The last thought is the women’s fear of risk taking which begins even before they enter the workplace. Again through observation I have made a conclusion that women tend to demonstrate a greater fear of failure than men and need to move beyond this in order to seize opportunities and advance careers. And not just fear at the work place but also at the household level. Smart female leaders can do just about anything we decide to do and we should be clear on our choices and consequences for those choices. Every time I think about this glass ceiling issue and why it has not resolved itself, I can’t help but think my own personal life. The issue starts at home. At one point I was in a family full of domestic violence, and I know all too well the challenges and struggles that came with that. When the woman tried and went out for to get some cash, the partner took it all from her until finally she saw no need to go work and she is not enjoying the work of her hands. She really saw the opportunities but she wasn’t able to participate.

Image of Kamala Harris speaking in front of an American flag
Source: Creative Commons

It is true that women are doing a whole bunch of things right and that is why the needle has moved at all over the decades. The glass ceiling has many cracks and a hole in it. When the US election was going on, I was all over the social media trying to find out what was going on. Being a young Kenyan Girl who has never been employed and dreams of being her own boss felt like I was participating in some way. The election was not just about Joe Biden, Kamala Harris and the US citizens but also other nations were part of it, especially women. Kamala has made such a remarkable history as the first woman elected Vice President. I feel so inspired by her because she breaks part of the glass ceiling. We still have a ways to go before the glass breaks completely. Everyone in the society has a role to play, including culture and organizations, and most of all women need to stand out for their worth.

The Right to Protest: Black Lives Matter and the Anti-Lockdown Protests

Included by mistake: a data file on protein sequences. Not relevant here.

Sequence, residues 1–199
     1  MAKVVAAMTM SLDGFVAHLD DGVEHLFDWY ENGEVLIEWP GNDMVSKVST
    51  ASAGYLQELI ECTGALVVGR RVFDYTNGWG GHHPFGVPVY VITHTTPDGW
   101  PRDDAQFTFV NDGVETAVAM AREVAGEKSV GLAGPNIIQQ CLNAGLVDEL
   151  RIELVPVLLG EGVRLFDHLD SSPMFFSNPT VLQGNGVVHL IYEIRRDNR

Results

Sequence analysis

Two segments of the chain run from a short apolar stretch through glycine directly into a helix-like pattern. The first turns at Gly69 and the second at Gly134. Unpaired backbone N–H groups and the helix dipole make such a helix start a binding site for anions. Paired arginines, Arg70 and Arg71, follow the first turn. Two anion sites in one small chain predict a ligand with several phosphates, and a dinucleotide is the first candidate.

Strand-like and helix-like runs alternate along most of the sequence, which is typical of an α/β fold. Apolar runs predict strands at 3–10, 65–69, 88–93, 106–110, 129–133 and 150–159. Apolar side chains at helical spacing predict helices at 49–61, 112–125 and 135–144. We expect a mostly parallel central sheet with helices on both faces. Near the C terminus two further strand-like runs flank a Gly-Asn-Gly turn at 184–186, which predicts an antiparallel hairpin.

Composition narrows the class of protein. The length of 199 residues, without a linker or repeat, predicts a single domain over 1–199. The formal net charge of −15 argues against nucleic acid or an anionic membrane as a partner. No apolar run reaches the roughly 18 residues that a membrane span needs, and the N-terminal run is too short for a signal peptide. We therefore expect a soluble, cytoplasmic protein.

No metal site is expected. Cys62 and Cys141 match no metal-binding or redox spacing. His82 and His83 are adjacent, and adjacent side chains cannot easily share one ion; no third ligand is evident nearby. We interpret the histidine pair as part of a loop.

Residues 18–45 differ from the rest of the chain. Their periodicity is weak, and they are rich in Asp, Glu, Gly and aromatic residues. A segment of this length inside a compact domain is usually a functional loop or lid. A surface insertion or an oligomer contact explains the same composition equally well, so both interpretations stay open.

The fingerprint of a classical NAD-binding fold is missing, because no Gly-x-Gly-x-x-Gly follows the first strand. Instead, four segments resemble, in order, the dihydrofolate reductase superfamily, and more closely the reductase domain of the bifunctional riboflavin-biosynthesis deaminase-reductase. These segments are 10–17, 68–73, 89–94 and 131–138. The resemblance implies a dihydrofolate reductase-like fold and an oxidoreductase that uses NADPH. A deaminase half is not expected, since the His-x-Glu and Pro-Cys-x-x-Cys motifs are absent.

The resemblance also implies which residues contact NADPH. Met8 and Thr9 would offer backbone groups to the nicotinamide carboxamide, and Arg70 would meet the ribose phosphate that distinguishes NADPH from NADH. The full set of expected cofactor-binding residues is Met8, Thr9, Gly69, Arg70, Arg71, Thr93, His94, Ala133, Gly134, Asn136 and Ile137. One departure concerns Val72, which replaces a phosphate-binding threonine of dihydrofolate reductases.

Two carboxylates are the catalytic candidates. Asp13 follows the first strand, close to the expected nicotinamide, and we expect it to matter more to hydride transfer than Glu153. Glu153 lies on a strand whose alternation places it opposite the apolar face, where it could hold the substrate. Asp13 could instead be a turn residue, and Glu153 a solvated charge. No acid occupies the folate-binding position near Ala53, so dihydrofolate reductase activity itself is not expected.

protestor
BLM protestor. Source: Elvert Barnes. Creative Commons.

Throughout the summer of 2020, the cries of “Black Lives Matter!” and “I can’t breathe!” echoed across the United States. These cries took the form of protests that occurred in many cities around the country and even around the world. The increase of Black Lives Matter protests has been occurring in the months following the murder of George Floyd by police officers in May of 2020. Frustration over the lack of action by local and national authorities as well as community members themselves, led to some protestors to resort to violent tactics. It is important to keep in mind that while Mr. Floyd’s death was a catalyst that sparked the increase in protests, police brutality and the discrimination of black populations within many United States systems has existed since the times of slavery. These disparities within the system have been left unaddressed for too long, and many agree that peaceful protest will not incite the necessary action and change. However, while some of the protests have resulted in property damage and other violent acts, the majority of the protests have been very peaceful.

In response, President Trump has repeatedly called for a “crackdown” and continues to characterize protestors as violent and dangerous, despite the fact that over 90 percent of the thousands of nationwide protests have been peaceful. He declared New York City, New York, Portland, Oregon and Seattle, Washington, cities that have hosted several Black Lives Matter protests, to be “anarchist cities,” which in turn could make them ineligible for important federal funds during the Covid-19 pandemic. President Trump has also refused to address the very valid concerns of protestors, instead vowing to defend the police as opposed to answering the call to pursue reforms to the policing structure. He has taken an authoritarian approach to the Black Lives Matter protests, sending in federal agents to “take care of the situation” in cities where very large Black Lives Matter protests have been held. His response is in stark contrast to the response of protests held earlier in the summer, protesting state lockdowns and mask ordinances in response to the onset of the Covid-19 pandemic.

police
Riot Police. Source: Igal Koshevoy. Creative Commons.